With the same dexterity, Flicke paints inscriptions above each of their heads, written in different tempers and languages. For the pirate, an endearingly ponderous pun. Thus, it says, Strangwish “strangely” depicted is, “garnish’d” for his delight. In the prison slang of the day, “garnishing” meant greasing the palm of the jailer for better treatment, so perhaps Flicke was doing the Rover that favour? But at some point a more sombre mood overtook him. Above his own head, in Latin, he tells us that “this was the face of the painter”, so that he “might be remembered to his friends after his death”, an end he must have assumed would come soon.
In fact, both men survived their incarceration, though each died not long after; the pirate on a French raid, the painter of his years. Just where the picture ended up is hard to say; it is a miracle it survived at all, such a little thing so radiantly charged with compressed desperation expressed in two tones: gallows humour and the wistfulness of mortality. In Margate, with the gunmetal light coming in from the shingled shore, it gripped me in its illumination. I looked and looked.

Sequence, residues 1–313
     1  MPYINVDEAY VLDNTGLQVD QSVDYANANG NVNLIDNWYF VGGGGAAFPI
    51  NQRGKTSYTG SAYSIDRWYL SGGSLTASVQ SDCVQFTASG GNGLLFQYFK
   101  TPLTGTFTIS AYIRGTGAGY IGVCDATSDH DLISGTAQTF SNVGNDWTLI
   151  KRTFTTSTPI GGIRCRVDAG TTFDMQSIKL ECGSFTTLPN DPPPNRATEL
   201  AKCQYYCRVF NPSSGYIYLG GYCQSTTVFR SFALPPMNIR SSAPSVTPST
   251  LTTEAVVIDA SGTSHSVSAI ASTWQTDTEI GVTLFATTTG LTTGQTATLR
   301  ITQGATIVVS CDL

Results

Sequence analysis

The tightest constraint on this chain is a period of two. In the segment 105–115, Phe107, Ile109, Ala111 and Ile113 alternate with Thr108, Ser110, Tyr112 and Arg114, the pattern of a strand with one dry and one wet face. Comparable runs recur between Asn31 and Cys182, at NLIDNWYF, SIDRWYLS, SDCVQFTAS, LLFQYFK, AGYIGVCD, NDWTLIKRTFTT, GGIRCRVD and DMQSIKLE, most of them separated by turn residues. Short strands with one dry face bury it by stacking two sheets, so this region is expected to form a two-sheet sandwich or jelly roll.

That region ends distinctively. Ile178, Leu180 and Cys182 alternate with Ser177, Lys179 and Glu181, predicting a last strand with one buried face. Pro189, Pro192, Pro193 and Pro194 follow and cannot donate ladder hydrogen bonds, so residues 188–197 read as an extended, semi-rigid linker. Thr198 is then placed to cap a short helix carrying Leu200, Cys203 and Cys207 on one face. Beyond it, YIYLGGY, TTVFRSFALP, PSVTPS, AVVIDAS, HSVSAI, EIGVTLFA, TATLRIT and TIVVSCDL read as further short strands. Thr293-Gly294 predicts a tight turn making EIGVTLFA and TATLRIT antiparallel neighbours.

Which, these days, we seldom do. We are all portraitists, Insta-artists, now. We lift, tap, look down to see what we’ve got, send. The condition of our portrayals is exactly the opposite of what prisoner Flicke assumed: ephemerality rather than the fixing of memory. We concentrate when we look at the screen, not when we survey another’s face. The long gaze, the locking of looks, has surrendered to the fleeting, furtive glance, a retinal tic. We chuck the snap or the selfie into the brimming e-bin of images and immediately its uniqueness is lost in the crowd. In minutes the face, if transmitted on Snapchat, will auto-liquidate.